Such influence could not have been predicted. Born on 8 January 1935 to anonymity in a two-room East Tupelo shotgun house, Elvis Aron Presley lived as his identical twin died. This factor undoubtedly contributed to a very strong bond forged between Elvis and his mother, Gladys. He was not as close to his father, Vernon, a failed sharecropper. The family was poor and briefly lived near or within Shake Rag, an African American section of the northeastern Mississippi town. The Pentecostal Presleys regularly attended the First Assembly of God Church. Not surprisingly, given his residential and religious surroundings, Elvis developed an attachment to music. He listened to WELO, a local radio station that featured Mississippi Slim, a country performer who served as the first of Presley’s many celebrity models. At age ten, Elvis won second prize at the Mississippi-Alabama Fair and Dairy Show for his sentimental rendition—delivered while standing on a chair to reach the microphone—of a song about the death of an aged dog.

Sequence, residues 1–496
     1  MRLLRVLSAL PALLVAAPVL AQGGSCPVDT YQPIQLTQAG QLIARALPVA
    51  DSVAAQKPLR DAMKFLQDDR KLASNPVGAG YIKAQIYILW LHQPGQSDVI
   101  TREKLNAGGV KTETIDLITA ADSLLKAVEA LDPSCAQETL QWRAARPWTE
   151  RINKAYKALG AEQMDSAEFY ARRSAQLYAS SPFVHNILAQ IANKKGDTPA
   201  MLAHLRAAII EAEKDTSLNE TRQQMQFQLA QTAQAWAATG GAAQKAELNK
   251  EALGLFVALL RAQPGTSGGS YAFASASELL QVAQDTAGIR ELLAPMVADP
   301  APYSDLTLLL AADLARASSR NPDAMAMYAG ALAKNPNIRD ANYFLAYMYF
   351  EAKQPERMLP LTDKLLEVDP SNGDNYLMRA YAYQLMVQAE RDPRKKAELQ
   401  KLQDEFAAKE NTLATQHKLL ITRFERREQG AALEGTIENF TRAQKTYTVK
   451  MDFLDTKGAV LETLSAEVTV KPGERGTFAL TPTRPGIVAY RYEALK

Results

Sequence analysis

After years of struggle against dwindling economic opportunities and eroding status in Mississippi, the Presleys migrated to Memphis in 1948. In the West Tennessee metropolis, young Elvis aspired to overcome his feelings of invisibility and irrelevance. He turned to popular culture to redefine himself. Inspired by movie stars and entertainers, he developed a penchant for flashy clothes, slicked-back hair, and long sideburns. Beale Street beckoned, and Presley frequently ventured down the Main Street of Negro America, absorbing its many sounds and visual manifestations. He often continued his forays into African American culture on Sunday mornings (and Wednesday evenings), visiting Rev. Herbert Brewster’s East Trigg Baptist Church. In a seemingly endless quest to establish an identity, Presley also soaked up everything he heard on the radio. Black-appeal stations such as WDIA and eccentric disc jockeys such as WHBQ’s Dewey Phillips provided an eclectic assortment of musical styles that would prove formative: rhythm and blues, country, pop, and both black and white gospel.